- The region of Vancouver is undergoing a significant expansion of its road network, including the building of a new Port Mann bridge to serve suburban commuters into and out of the City of Vancouver and new highways to serve truck traffic in and out of the Port of Vancouver.
- A significant expansion of the Port of Vancouver in taking place in order to service increased imports and exports of consumer commodities and export of coal from the coalfields in southeast British Columbia and the U.S. midwest.
- The Vancouver airport has undergone significant expansion in the past decade, costing hundreds of millions of dollars of public funds. A vast expansion of construction has taken place in the city, notably to serve a flourishing and growing tourism trade.
- The region of Vancouver is having to limit or even reduce needed bus and other transit services in order to pay for the most expensive rapid transit technology that money can buy for its three, existing overhead (Sky Train) transit service.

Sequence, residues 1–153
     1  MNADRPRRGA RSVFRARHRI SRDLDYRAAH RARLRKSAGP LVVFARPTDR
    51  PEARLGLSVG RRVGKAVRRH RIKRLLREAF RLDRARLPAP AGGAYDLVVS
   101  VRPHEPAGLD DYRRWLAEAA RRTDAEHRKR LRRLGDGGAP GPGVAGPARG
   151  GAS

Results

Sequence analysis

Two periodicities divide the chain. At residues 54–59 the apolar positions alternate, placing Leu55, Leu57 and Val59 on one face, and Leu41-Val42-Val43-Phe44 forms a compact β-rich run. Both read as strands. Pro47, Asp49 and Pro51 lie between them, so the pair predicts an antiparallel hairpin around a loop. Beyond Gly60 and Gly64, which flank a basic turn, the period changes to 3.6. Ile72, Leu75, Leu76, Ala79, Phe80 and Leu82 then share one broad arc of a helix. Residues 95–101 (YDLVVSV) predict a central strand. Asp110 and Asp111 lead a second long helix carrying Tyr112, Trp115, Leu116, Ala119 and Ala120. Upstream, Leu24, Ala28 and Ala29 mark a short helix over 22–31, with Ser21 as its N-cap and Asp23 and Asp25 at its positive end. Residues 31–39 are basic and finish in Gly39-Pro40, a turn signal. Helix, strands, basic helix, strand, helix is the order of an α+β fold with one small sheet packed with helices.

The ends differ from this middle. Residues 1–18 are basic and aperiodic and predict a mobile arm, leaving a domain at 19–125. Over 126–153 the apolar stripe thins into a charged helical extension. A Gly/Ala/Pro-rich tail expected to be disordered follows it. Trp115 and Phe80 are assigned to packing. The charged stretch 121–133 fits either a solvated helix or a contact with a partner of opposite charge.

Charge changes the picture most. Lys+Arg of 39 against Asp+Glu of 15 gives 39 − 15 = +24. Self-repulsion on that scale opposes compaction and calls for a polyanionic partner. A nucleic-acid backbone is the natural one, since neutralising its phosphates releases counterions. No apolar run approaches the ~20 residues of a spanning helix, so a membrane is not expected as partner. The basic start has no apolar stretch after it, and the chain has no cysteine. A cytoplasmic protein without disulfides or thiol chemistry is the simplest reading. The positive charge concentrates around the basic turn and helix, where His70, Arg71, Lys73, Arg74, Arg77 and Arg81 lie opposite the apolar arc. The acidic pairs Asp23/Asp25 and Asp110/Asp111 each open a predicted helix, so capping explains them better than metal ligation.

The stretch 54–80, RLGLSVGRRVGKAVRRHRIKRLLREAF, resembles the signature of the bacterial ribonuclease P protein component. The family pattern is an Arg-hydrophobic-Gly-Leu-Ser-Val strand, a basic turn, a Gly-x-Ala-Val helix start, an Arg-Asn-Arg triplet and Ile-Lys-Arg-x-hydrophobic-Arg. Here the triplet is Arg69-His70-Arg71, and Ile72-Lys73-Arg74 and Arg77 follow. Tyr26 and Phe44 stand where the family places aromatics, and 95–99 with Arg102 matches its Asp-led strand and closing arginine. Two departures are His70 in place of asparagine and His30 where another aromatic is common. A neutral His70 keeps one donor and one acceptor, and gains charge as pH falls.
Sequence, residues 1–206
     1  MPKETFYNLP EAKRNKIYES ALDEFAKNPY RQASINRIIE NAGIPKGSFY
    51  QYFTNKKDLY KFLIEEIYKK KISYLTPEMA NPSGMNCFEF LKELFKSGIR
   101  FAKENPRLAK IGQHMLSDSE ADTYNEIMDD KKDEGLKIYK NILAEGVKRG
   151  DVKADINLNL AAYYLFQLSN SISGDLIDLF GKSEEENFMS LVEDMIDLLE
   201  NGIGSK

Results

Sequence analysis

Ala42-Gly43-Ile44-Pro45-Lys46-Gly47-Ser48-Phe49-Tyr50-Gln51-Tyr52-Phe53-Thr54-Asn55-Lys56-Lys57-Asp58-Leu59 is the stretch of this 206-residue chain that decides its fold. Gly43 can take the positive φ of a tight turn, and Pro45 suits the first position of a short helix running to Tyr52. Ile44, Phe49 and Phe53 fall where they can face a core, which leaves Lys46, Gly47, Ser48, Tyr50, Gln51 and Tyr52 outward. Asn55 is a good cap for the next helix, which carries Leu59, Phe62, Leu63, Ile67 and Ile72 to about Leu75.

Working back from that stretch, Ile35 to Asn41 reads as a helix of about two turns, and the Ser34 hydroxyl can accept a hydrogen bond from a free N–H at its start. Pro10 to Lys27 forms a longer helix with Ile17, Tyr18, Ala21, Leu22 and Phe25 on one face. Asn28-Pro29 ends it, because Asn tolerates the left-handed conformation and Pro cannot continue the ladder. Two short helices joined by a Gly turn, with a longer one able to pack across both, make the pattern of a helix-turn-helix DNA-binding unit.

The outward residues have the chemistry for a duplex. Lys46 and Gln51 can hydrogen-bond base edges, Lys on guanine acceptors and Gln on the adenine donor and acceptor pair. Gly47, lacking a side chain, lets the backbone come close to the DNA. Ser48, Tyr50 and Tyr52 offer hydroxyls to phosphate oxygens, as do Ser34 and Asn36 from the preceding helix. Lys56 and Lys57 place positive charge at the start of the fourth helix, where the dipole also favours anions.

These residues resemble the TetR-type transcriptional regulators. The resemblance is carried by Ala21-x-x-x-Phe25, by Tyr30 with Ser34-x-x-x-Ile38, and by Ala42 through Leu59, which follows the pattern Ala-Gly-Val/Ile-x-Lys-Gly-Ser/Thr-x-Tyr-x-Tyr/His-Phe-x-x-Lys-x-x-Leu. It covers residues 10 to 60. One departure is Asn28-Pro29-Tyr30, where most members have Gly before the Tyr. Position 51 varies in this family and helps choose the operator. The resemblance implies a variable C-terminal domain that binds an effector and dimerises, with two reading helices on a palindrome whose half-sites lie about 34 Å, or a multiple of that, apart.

The road and port expansions in Vancouver are largely funded by federal and provincial governments. The City of Vancouver is only one voice in the overall transit planning of the region. But if Mayor Robertson disagrees with the overall course of the city’s anti-environmental expansion, he’s keeping it a secret. ‘Green Vancouver’, indeed!
OP-ED: Pipeline risks are too great for Vancouver
By Gregor Robertson, Op-Ed, Vancouver Sun, April 24, 2012
Around lunchtime on July 24, 2007, a construction crew working near the Barnet Highway in Burnaby accidentally punctured an oil pipeline operated by Kinder Morgan. A geyser of thick crude oil shot into the air spraying houses, trees, cars and people – and sending 70,000 litres of oil spilling through the storm sewers into the waters of Burrard Inlet. That oil affected 17 kilometres of shoreline; animals from migratory birds to sea stars and barnacles were heavily fouled.